A new report has highlighted the growing need for innovative operating models in the clinical research sector in order to cope with the pressing challenges faced by the pharmaceutical industry.
Contract research organisation (CRO) Quintiles has published a new Economist Intelligence Unit survey that has highlighted an "urgent need" for new models of thinking, as the industry seeks to address waning productivity and potentially damaging medium-term market trends.
In the coming years, life science companies are likely to see their business models placed at risk by the so-called "patent cliff", a period in which a large number of blockbuster treatments will lose their exclusivity and become susceptible to competition from generic alternatives.
According to Quintiles' data, seven of the top-selling drugs in the world - which between them accounted for almost $50 billion (£30.4 billion) in sales in 2009 - will see their patents expire this year or next.
This trend is potentially hugely damaging for the bottom line of drugmakers and is likely to be compounded by a recent waning in the productivity of many companies' drug development pipelines.
A report published by CMR International last month showed that 2010 saw the lowest number of new molecular entities launched by major pharmaceutical companies in a decade, while the number of drugs entering phase I and II testing dropped compared to the previous year by 47 per cent and 53 per cent respectively.
Despite these concerning issues, Quintiles' survey - which involved 282 senior executives from the life sciences industry - demonstrated that a large number of businesses are taking an ambivalent view to bolstering innovation.
Of those consulted for the study, less than half believe their research and development model is capable of meeting the company's needs, yet only 54 per cent of respondents described making changes to innovation programmes as a leading priority.
Among the reasons behind this are concerns over cost, timescales and regulatory issues, while cultural attachment to existing practices was cited as the key contributing factor among the worst-performing businesses.
In the view of Quintiles, it is these non-committal attitudes to modernisation that are the key barriers to improvement.
The report said: "To meet the challenges mounting on every side, life sciences companies need to do far more than cut costs: they must reinvent how they innovate."
Indeed, the document indicated that many companies are taking steps to address this - one in five of the businesses surveyed described their innovation programmes as "very effective", with these organisations typically producing twice as many new products as others.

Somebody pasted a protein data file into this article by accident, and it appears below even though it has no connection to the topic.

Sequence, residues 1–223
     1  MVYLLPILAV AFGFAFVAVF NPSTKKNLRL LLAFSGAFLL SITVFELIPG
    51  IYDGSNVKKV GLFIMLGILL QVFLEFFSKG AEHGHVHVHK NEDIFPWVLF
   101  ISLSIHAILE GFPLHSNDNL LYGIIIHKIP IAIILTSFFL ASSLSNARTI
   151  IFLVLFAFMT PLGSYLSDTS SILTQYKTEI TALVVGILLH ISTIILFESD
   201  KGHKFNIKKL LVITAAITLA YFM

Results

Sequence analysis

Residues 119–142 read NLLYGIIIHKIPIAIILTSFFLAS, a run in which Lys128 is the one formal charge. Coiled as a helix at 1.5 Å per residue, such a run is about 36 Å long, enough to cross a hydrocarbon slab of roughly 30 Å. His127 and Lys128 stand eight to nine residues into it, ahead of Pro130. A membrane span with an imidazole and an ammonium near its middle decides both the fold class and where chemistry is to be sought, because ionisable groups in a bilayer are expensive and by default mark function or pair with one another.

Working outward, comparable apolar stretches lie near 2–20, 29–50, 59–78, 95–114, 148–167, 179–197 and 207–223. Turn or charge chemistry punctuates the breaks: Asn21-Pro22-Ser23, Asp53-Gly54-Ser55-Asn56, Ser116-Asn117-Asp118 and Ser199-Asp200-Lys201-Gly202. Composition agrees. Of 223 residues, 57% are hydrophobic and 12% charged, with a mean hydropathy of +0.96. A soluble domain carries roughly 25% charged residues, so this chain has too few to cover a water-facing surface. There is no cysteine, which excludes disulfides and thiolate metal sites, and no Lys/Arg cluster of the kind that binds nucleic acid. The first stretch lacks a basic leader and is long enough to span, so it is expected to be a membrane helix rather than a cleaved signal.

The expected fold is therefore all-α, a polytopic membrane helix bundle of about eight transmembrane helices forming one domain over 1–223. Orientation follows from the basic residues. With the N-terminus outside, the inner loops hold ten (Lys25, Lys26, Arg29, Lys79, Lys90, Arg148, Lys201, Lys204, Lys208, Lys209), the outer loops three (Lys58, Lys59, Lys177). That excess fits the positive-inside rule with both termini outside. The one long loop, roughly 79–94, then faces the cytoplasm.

Among the measures these high-performing firms are implementing is a more open approach to collaboration and partnerships, in which traditionally defensive stances on intellectual property protection are relaxed, while others are seeking to undertake programmes to improve and maximise their use of clinical data.
Another key issue is the creation of the right working environment, with top businesses making sure that a management climate and reward structure are put in place to ensure clinical research staff are motivated to take risks and pursue creative strategies.
Recent trends in the wider pharmaceutical market show the ways in which these ideas are manifesting themselves in practice - for example, a recent Visiongain report noted a growth in the number of drugmakers moving to work in partnership with CROs, allowing them to increase their focus on near-registration products.
Among individual companies, Lilly last month spoke of its efforts to greatly expand its pipeline and innovation efforts to cope with the expiry of products such as Zyprexa and Cymbalta, while Pfizer recently agreed a new partnership with Hisun to create off-patent medicines in China, an emerging market with strong growth prospects.
According to Quintiles' president of clinical development Paula Brown Stafford, such efforts will be vital in a fast-changing healthcare environment.
"The best innovations will come from firms who look creatively at new technologies to turn their data and information into insight, pursue open partnerships to gain additional expertise and make better decisions, faster," she said.